I’ve read several of John C. Maxwell’s books. He has become almost an industry in himself for the production of leadership books. It started while he was still a pastor. Be All You Can Be! draws from leadership lessons he gave his staff at a church where he was pastor.
Maxwell sounds more like a pastor in this book than he does in some of his later works. It is full of homiletical mnemonics. As a kid, I thought these methods were mainly intended to help the hearers remember the message. Nowadays, I think it is equally intended to help pastor remember their sermons.
It is probably best to take the book as a set of lessons. Each chapter has a focused theme on some aspect of leadership. These themes recur in Maxwell’s other books, and entire leadership books are built around any one of them.
The downside of the focused chapters is that it is difficult to find the thread that ties them together, other than leadership. It might be that leadership is a costly endeavor. The potential leader will face obstacles, resistance and distractions in abundance. Much is demanded of a successful leader, and he will need a vision, character, and commitment to carry him through.
The upside of the book is that it covers a lot of ground in relatively few pages. Each chapter can be read at convenient intervals without much concern over the order in which you read them. If you looking for a basic leadership book, especially one that draws on a Christian or ministry context, this may be the one.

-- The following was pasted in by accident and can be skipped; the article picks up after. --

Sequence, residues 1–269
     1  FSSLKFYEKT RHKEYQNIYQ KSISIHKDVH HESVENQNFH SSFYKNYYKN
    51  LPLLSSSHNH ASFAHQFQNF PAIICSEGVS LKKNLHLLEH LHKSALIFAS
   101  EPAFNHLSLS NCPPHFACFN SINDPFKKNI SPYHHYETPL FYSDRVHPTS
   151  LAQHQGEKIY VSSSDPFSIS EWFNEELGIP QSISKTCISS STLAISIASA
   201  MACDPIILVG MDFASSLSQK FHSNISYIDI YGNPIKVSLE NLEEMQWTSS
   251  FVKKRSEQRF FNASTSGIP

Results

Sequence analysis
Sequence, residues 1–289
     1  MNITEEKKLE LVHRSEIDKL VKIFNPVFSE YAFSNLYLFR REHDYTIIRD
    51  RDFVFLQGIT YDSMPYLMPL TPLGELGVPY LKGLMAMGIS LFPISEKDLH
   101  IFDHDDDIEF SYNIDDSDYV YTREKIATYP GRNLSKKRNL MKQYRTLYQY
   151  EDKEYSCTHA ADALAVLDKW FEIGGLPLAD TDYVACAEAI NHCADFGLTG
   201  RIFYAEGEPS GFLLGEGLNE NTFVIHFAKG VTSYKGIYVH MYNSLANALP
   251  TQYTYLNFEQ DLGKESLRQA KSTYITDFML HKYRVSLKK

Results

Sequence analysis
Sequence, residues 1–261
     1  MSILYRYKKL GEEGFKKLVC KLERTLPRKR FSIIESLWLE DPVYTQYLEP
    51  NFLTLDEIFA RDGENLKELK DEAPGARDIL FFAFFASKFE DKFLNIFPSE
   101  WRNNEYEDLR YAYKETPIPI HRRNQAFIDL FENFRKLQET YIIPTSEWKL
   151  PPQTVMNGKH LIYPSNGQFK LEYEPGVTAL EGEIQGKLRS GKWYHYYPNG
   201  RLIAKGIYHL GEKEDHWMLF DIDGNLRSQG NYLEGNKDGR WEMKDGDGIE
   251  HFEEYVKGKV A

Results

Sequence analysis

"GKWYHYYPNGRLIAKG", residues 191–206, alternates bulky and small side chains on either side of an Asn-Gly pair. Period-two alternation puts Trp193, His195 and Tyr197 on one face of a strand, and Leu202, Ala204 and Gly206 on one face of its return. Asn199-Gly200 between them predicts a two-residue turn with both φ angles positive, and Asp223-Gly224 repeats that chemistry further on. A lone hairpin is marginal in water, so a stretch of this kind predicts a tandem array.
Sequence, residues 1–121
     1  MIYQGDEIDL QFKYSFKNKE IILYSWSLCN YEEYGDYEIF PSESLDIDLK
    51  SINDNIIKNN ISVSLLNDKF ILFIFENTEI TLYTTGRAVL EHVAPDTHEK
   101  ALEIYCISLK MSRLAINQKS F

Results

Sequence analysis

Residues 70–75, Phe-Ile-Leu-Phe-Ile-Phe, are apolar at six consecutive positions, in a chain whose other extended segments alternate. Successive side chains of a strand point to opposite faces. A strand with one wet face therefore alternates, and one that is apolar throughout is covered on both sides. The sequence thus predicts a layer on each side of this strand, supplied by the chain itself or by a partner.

Having said that, I think it is worth a paragraph to discuss Maxwell in a wider context. I’ve heard evangelicals lament that recently the books most read by pastors relate to leadership rather than their faith. Many of those leadership books are probably Maxwell products. Be All You Can Be! is more explicitly related to a church setting than his other books, but that isn’t an especially important matter. Maxwell draw examples from the Bible, but he might have found adequate examples from other sources. Even the selection of an author for the forward is telling. Zig Ziglar is a prominent Christian, but millions have read his self-help and sales books without any concern, or possibly even knowledge, of his religion. This book might be found in the Christian section of some bookstores, but it there is little that would keep it out of the business or self-help aisles.
John C. Maxwell also wrote
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